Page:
The print queue
Not really a major WTF, but just an example of typical user behavior:
While at the university recently, I went into a computer lab to print out a few pages. Usually, the Linux workstations in the labs tend to be left on, but there had been a blackout in the area the day before, and, it being summer and pretty quiet at the campus, nobody had bothered to turn most of the workstations back on. Since I didn't feel like waiting for a workstation to boot up and fsck itself either, I just picked one of the few that had already been turned on, even though it was a bit out of the way and not the one I'd usually pick.
Anyway, mindful of the recent blackout, I check that the printer in the lab is indeed online: it is, and seems to be working fine for the few other people present. Proceeding to print my document, I notice a vaguely generic error message listed next to the local printer's entry in the printer selection menu, but decide to try printing anyway since the printer in question appears to be working for others; I figure it must be just some leftover confusion from the recent power outage.
I select the right printer entry, click "print", and... nothing. No error message either on the workstation or on the printer, but no printout either. Suspecting some silly user error on my part, like accidentally clicking "cancel" instead, I do what any normal user would do: try printing again. Still nothing.
At this point, I would've done the next obvious "normal user" thing and just tried a different workstation, a different printer, or both. However, the document I'd been trying to print contained some semi-private information such as my SSN, so I decided to try canceling the print job first, lest it pop out of the printer some time later after I'd left. As it turns out, this was a bit harder than an average user could be expected to do: instead of just finding the printer icon in the taskbar and clicking it, like you'd do on a typical Windows system, I had to open the KDE menu and select "System" -> "Printing". Not that hard, but apparently just enough of a speed bump, as we'll see.
In the resulting list, I indeed found my print job and cancelled it. However, I then took another look at the queue listing: surely all these 450 or so print jobs couldn't all be pending? Apparently, yes, they could. For one printer. From one workstation. At the top of the list was one job with its status listed as "Error" instead of "Queued". Curious, I right-clicked the job and brought up the properties dialog: "job submit time: 12 January 2008".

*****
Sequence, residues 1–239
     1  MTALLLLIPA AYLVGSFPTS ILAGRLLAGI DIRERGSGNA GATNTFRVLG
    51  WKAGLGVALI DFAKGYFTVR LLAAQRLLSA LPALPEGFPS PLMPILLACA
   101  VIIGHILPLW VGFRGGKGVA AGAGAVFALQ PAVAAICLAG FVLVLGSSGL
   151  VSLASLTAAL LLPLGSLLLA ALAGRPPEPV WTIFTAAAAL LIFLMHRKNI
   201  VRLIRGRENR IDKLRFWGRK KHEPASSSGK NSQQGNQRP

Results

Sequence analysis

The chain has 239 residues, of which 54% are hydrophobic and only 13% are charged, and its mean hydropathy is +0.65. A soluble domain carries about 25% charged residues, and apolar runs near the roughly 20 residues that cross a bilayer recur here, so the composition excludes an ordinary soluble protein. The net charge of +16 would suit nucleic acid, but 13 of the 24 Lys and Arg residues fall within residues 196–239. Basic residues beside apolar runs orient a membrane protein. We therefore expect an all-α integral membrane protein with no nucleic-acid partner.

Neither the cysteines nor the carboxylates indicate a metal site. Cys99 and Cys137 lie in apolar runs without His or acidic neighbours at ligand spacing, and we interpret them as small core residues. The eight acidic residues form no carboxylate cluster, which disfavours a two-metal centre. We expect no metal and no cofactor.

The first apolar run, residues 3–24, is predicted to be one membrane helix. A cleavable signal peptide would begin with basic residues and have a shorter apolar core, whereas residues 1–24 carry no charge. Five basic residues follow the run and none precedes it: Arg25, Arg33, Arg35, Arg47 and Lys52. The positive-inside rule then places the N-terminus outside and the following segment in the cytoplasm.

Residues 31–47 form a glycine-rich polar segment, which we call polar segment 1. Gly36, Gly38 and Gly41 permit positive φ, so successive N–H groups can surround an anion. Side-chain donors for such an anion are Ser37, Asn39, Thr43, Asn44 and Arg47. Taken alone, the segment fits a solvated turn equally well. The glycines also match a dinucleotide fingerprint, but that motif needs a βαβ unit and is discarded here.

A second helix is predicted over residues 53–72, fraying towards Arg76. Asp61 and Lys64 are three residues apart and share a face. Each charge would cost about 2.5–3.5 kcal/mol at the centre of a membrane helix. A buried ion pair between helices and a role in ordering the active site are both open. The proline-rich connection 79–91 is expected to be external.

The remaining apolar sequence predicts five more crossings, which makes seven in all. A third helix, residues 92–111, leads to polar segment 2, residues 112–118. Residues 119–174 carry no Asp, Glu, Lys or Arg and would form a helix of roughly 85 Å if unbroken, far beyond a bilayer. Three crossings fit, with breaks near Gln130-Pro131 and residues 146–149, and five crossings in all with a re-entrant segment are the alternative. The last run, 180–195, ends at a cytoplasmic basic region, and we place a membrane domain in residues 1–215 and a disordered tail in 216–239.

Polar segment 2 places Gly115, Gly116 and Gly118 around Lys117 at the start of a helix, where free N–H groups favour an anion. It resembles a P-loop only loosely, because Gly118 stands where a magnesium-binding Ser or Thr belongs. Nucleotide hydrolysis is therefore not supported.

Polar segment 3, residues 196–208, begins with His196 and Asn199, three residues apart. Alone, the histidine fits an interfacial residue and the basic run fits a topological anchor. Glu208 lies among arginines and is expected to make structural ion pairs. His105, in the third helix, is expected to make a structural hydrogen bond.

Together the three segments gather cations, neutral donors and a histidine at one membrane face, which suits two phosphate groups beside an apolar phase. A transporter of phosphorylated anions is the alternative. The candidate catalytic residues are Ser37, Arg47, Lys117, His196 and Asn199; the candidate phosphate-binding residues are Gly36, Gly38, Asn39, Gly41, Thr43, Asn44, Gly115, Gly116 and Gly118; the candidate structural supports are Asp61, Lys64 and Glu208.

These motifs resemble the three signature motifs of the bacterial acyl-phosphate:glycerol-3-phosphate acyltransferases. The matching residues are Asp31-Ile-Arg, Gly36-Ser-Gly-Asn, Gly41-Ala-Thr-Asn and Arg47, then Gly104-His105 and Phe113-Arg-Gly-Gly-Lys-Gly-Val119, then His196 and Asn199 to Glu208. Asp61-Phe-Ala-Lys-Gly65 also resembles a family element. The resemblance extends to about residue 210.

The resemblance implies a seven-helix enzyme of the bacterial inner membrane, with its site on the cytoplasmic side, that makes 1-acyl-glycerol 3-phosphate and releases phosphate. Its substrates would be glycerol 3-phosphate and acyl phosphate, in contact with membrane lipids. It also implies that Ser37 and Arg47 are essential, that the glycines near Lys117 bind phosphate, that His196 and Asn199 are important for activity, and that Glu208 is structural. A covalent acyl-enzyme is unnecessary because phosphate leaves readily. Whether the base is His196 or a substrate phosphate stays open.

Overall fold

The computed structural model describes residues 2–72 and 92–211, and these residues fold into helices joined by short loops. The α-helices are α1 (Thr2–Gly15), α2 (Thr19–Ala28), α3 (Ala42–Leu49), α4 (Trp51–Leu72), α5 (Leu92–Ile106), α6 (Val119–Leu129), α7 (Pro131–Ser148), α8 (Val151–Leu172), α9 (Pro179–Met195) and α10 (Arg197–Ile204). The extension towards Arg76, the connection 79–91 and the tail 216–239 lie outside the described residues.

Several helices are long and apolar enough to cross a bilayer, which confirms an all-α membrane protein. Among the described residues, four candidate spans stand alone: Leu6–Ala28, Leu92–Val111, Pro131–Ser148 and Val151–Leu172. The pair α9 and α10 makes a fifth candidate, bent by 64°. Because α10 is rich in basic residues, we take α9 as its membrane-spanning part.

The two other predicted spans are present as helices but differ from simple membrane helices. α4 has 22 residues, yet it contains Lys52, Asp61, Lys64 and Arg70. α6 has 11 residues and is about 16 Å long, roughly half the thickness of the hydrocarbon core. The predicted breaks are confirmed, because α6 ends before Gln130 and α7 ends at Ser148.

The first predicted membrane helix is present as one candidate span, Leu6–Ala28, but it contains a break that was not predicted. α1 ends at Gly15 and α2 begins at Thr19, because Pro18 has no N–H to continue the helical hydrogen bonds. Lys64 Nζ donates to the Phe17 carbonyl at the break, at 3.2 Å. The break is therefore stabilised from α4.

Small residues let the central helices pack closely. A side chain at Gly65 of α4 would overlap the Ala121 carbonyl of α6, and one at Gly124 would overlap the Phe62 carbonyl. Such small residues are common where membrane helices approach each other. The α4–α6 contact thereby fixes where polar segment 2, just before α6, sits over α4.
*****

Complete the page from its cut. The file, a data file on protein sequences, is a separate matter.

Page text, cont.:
So, apparently, some six and a half months ago someone had tried to print something from the workstation; something had gone wrong, and the print job had gotten stuck in the queue. Ever since then, based on my quick glance at the queue, everyone else who had tried to print to that printer from that workstation had done more or less the same thing I'd almost done: try again, maybe even twice, then decide that "it just ain't working" and try again from a different workstation, to a different printer, or just leave. And no-one had ever checked the print queue.
I fired off a quick problem ticked to the IT staff. Ten minutes later the queue had been purged.
As it turns out, this was a bit harder than an average user could be expected to do: instead of just finding the printer icon in the taskbar and clicking it, like you'd do on a typical Windows system, I had to open the KDE menu and select "System" -> "Printing". Not that hard, but apparently just enough of a speed bump, as we'll see.
<flamebait type="too obvious" instructions="please ignore">...and this is why GNOME has print queue notification in notification area.</flamebait>
Seriously, though, reminds me of one of the days in the university when someone had apparently done "cat somerandomhuge.exe | lpr -Ptheprintereveryoneused" and no one was out there to watch for things.